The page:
In an exemplary embodiment, the intermetallic structures can be subjected to plasma hydrogenation after each metal layer is deposited so that the surface area of the last-deposited metal layer that is exposed to the plasma is enhanced. In another exemplary embodiment, the intermetallic structure can be subjected to plasma hydrogenation each time that a selected number of metal layers, e.g., 10 metal layers, have been deposited. In yet another exemplary embodiment, the intermetallic structure can be subjected to plasma hydrogenation a single time after all of the metal layers have been deposited.

The hydrogen content of the metal layers of the multilayered intermetallic structures can be characterized using Nuclear Reaction Analysis (NRA), for example. The NRA technique provides depth profiling of hydrogen near a sample surface using a mass 15 nitrogen beam. In this technique, a sample is placed in a vacuum test chamber at a base pressure of at least about 1×10−5 Torr. A beam of nitrogen having an energy level of at least 6.38 MeV is directed into the sample. Gamma ray output (due to the presence of hydrogen in the sample) is measured with a bismuth germanium oxide (BGO) scintillation detector. Using a parameter of the pre-calibrated chamber, the flux of gamma rays at each energy step is converted to a measurement of hydrogen concentration in the sample. To convert raw data (counts vs. energy) to H concentration vs. depth of the sample, the stopping power of mass 15 nitrogen ions in the sample materials is determined. Stopping power values are reported in J. F. Ziegler, J. P. Biersack and U. Littmark, Stopping Powers and Ranges of Ions in Solids, Vol. 1, Pergamon Press, New York (1985).

Example

Ti and Zr films are separately deposited to a thickness of about 100 nm by sputter deposition on separate silicon substrates. The substrates are then simultaneously exposed to hydrogen plasma in a plasma reaction chamber using the following processing conditions: substrate temperature/85° C., H2 flow rate/100 sccm, chamber pressure/25 mTorr, RF power/300 W, exposure time/10 min.

The hydrogen content of each of the as-deposited metal films is measured by NRA. FIGS. 2 and 3 show the hydrogen concentration versus depth profiles of the Ti and Zr films, respectively. As shown, the Ti and Zr films have an average 58 at % and 65 at % hydrogen concentration, respectively. These test results demonstrate that highly hydrogenated metal film structures can be produced using plasma hydrogenation.

The multilayered intermetallic structures can be used in applications in which their ability to rapidly release high amounts of reaction energy per unit volume of the energetic material are desirable. The compositions of the metal layers can be selected to provide desired intermetallic reactions that release a desired amount of energy and produce desired reaction products. The selected metal compositions can have high activation temperatures to provide stability to temperature fluctuations, shock and environmental effects.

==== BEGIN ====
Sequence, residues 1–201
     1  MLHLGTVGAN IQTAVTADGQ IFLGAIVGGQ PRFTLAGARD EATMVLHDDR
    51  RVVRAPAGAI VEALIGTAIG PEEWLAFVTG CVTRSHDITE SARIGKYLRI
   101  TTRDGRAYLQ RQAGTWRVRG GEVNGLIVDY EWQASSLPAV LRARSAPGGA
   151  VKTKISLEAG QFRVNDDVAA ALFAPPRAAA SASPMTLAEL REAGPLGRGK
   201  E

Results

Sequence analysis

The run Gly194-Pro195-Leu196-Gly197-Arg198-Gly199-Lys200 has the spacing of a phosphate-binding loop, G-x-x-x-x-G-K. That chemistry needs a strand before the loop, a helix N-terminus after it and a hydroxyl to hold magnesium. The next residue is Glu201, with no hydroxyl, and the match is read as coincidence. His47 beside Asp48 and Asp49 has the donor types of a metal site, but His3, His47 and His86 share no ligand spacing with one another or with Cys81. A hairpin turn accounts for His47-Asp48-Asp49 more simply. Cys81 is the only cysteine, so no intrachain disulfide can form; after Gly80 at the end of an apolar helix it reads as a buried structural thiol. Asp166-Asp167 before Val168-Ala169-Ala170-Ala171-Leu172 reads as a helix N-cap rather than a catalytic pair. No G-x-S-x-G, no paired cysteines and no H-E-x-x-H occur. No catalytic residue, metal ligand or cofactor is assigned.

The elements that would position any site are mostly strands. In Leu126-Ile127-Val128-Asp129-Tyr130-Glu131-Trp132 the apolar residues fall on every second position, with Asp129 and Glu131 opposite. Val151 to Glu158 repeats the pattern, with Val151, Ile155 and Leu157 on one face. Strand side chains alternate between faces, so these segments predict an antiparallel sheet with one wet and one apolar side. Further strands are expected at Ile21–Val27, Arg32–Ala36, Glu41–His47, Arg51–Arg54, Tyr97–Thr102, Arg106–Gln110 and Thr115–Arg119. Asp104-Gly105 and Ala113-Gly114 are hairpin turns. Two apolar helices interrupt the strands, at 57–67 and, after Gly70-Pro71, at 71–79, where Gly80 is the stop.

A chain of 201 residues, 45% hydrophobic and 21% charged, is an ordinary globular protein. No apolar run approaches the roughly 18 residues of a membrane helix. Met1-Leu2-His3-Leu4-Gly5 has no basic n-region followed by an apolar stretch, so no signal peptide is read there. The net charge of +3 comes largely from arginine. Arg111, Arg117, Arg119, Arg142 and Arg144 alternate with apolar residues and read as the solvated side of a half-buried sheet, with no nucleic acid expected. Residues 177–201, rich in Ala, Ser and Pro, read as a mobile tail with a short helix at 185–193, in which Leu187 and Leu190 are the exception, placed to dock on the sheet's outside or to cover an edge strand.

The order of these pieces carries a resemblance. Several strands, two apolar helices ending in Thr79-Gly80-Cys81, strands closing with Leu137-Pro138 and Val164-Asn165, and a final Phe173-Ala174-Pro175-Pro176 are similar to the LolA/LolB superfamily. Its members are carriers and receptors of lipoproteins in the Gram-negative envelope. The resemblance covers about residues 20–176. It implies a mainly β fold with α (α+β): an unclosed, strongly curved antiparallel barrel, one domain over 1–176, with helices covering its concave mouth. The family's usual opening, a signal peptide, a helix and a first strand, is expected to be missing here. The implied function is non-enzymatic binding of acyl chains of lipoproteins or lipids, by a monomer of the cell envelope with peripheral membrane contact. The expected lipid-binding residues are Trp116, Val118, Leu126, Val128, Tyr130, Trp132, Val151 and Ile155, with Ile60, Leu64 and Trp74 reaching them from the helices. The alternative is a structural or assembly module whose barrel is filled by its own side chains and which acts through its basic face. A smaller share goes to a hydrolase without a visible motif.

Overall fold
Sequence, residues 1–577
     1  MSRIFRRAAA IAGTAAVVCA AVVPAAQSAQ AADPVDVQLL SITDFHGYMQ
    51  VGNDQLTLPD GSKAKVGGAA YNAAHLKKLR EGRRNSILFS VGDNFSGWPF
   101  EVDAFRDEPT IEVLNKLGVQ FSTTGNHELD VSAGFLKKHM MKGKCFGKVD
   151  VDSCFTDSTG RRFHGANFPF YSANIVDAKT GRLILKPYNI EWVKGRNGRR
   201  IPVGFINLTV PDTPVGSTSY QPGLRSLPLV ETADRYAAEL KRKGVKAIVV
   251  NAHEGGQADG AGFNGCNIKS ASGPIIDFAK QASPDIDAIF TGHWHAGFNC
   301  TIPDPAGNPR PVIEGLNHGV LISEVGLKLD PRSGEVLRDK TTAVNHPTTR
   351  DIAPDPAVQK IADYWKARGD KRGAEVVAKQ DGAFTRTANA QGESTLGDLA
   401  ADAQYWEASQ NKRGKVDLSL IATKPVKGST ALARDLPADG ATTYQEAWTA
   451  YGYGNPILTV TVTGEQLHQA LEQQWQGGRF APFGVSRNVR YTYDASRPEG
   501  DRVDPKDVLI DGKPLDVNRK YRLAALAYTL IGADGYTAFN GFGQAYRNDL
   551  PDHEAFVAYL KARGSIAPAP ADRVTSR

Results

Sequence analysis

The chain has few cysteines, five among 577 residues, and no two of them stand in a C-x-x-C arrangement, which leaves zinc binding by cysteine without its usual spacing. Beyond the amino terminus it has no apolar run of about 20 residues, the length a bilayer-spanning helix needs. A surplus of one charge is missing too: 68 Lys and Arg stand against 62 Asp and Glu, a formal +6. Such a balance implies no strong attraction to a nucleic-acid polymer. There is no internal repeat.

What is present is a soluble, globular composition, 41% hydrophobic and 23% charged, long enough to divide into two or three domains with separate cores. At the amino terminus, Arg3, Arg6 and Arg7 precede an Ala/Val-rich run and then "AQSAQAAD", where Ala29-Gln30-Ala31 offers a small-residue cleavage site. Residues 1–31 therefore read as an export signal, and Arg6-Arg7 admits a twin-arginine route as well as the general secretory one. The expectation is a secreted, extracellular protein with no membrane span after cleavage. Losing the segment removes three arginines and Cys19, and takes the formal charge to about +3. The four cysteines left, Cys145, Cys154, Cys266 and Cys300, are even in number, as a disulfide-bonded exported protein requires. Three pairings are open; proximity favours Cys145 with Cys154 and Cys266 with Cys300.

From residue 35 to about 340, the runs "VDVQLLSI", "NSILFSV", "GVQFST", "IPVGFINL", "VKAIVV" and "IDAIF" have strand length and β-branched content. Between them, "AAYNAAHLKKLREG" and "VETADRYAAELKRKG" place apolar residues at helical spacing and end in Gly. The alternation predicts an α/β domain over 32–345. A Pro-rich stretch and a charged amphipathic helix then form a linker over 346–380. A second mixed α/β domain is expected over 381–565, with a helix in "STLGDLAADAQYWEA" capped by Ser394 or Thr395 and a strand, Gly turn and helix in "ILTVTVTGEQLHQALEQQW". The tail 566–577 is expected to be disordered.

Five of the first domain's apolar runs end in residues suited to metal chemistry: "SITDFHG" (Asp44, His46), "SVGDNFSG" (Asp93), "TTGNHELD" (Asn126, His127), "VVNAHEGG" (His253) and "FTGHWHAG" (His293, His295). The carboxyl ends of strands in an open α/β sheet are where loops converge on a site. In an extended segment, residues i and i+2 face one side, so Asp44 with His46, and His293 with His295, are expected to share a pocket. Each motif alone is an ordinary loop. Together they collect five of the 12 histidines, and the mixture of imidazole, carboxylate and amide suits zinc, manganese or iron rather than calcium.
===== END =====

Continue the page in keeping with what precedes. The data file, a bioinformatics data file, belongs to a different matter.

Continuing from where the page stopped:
It will be appreciated by those skilled in the art that the present invention can be embodied in other specific forms without departing from the spirit or essential characteristics thereof. The presently disclosed embodiments are therefore considered in all respects to be illustrative and not restricted. The scope of the invention is indicated by the appended claims rather than the foregoing description and all changes that come within the meaning and range and equivalence thereof are intended to be embraced therein.

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Non-Patent Citations
Reference
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Referenced by
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US7829157 *Apr 7, 2006Nov 9, 2010Lockheed Martin CorporationMethods of making multilayered, hydrogen-containing thermite structures
US8250985Jun 6, 2006Aug 28, 2012Lockheed Martin CorporationStructural metallic binders for reactive fragmentation weapons
US8414718Aug 24, 2004Apr 9, 2013Lockheed Martin Corporationincludes phosphorus pentoxide and a reducing material ( Li, Na, K or Be); warhead; used to neutralize a target agent and/or to reduce structural integrity of a civil engineering structure
US8746145Jun 18, 2012Jun 10, 2014Lockheed Martin CorporationStructural metallic binders for reactive fragmentation weapons
Classifications
U.S. Classification148/535
International ClassificationC22F1/00
Cooperative ClassificationC23C28/3225, C23C28/023, C23C28/025, C23C28/322, C23C28/42, C23C28/345, C23C14/5826, C23C14/5846, C23C14/165
European ClassificationC23C14/58D, C23C14/16B, C23C14/58H, C23C28/00